At long last, the first issue of the ‘Journal of Controversial Ideas’!
Will articles on bioethics feature prominently in coming issues?
More than a year after the launch of the controversial journal, the Journal of Controversial Ideas, the first issue has appeared. (BioEdge reported its imminent publication back in February 2019.)
The open-access journal accepts articles which are might be rejected by other journals as “offensive, immoral, or dangerous”. It even allows authors to publish under pseudonyms, although the editors have declared that all contributions will be rigorously peer-reviewed.
In the editorial for the first issue, which appeared recently, they say that they had received 91 submissions, of which 10 were accepted and 68 were rejected. Another 13 are still under consideration. Their explanation of why such a journal is needed is an eloquent defence of academic freedom. Freedom of thought, they write, is being attacked even within universities:
In recent years there has been a surge in open letters and petitions denouncing researchers and their work, signed by academics who seem to be unwilling to rely on the traditional academic practice of finding flaws in the arguments with which they disagree. They instead demand that administrators sanction colleagues who have expressed ideas they oppose. Some of these petitions, signed by hundreds of academics, even demand that editors retract published articles that have passed standard peer review processes. In an alarming number [of] instances, editors have been cowed by these demands and have succumbed to them. A few who have defended academic freedom have been compelled to resign.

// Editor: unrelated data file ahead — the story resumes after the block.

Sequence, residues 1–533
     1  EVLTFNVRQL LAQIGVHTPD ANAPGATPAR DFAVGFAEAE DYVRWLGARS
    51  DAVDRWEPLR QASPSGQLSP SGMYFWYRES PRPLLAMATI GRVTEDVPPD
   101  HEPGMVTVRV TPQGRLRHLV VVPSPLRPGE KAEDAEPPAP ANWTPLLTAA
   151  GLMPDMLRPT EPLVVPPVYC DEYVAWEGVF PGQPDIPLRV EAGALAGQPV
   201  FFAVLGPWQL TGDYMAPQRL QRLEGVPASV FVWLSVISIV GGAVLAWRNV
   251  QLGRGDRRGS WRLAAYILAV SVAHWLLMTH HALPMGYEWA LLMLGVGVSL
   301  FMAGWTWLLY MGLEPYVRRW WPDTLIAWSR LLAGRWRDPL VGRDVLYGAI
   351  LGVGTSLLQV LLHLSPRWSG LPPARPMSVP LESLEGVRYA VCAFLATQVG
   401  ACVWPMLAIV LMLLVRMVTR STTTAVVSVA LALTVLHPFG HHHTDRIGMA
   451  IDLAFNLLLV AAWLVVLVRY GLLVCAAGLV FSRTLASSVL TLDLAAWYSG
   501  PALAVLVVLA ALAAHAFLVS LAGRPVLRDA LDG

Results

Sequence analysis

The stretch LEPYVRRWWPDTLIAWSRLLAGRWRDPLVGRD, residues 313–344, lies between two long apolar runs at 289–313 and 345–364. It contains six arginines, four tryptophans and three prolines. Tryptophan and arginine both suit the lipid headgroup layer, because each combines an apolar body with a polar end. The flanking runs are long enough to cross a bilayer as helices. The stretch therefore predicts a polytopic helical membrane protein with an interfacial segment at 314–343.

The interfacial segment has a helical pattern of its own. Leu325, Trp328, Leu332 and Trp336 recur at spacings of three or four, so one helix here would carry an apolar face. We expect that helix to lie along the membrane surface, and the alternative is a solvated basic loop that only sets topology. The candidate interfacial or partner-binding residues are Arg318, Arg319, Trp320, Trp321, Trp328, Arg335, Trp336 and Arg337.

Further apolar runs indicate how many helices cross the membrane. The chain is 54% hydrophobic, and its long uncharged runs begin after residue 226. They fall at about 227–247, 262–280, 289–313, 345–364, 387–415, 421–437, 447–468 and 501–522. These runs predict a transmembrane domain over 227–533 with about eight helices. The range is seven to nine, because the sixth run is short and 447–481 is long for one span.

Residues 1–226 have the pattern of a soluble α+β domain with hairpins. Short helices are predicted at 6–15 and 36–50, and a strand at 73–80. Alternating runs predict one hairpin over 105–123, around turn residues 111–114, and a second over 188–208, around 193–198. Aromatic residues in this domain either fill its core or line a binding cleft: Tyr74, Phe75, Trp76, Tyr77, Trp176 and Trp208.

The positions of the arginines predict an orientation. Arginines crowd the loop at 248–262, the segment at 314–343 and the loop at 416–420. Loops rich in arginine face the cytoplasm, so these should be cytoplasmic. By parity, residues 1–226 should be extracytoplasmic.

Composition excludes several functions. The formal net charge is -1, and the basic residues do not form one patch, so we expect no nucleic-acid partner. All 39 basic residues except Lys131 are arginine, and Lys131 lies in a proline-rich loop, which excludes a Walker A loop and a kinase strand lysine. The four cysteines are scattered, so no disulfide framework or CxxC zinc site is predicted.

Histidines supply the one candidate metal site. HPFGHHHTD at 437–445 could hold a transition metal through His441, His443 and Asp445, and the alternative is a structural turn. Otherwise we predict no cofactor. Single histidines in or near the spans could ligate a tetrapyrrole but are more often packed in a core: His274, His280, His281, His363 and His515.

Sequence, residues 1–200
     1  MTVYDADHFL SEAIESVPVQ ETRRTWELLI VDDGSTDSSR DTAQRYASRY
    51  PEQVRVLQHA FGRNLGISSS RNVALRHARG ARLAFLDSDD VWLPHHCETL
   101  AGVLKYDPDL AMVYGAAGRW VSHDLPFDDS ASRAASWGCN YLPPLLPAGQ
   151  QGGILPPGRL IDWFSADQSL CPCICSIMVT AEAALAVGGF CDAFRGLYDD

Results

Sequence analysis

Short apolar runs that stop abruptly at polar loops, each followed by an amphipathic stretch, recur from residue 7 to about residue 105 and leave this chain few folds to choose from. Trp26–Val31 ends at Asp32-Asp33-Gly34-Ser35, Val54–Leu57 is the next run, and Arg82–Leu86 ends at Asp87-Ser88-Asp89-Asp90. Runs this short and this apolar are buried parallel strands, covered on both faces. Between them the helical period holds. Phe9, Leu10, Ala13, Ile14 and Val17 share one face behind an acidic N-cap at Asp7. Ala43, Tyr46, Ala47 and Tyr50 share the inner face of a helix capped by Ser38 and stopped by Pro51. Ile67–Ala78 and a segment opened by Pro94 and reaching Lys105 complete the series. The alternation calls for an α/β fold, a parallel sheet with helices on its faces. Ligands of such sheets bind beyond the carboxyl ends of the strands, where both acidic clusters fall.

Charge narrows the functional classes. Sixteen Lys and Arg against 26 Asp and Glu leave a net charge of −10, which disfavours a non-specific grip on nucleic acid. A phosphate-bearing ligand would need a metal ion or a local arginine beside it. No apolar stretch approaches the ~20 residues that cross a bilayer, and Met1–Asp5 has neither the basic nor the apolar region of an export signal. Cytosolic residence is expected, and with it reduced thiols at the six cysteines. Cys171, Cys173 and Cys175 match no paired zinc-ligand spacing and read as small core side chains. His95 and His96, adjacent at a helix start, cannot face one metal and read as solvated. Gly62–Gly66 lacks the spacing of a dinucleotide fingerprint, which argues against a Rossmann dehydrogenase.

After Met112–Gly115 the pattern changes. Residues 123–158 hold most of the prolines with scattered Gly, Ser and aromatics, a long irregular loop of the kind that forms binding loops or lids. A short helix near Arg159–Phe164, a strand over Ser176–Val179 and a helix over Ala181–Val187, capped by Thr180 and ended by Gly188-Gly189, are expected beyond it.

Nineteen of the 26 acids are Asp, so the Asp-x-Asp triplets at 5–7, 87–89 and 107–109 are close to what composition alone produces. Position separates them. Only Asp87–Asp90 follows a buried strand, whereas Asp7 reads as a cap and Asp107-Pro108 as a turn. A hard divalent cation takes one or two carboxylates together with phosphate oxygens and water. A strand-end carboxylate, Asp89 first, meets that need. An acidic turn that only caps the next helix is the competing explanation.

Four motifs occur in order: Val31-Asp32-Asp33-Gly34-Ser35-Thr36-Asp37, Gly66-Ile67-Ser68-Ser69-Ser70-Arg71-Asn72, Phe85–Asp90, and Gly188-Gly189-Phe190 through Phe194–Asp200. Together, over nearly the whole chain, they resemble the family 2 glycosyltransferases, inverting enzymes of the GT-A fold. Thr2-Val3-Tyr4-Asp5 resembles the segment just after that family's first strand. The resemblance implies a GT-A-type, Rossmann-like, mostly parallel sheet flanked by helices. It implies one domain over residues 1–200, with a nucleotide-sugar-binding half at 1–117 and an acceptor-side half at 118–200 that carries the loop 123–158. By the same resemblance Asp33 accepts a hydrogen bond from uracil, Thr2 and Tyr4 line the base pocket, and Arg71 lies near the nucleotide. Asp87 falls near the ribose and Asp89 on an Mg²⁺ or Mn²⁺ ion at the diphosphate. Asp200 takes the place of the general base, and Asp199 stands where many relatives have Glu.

They go on to explain:
We have launched this journal because we have become concerned that in the current social and cultural climate, some people will not feel free to explore ideas that may embroil them in unwelcome controversy. As a result, some of our false beliefs will not be shown to be false, while some of our true beliefs will become dead dogmas and more vulnerable to attack because they are not defended against apparently plausible objections.
Of the ten articles in the first issue, only three authors used pseudonyms. Most of the articles are not particularly inflammatory, although one defends “black face” in some traditional festivals, one argues that females are women, another contends that violence against animal abusers can be justified, and another says that life is pointless.
No doubt articles on bioethics will feature prominently in coming issues.
Michael Cook is the editor of BioEdge
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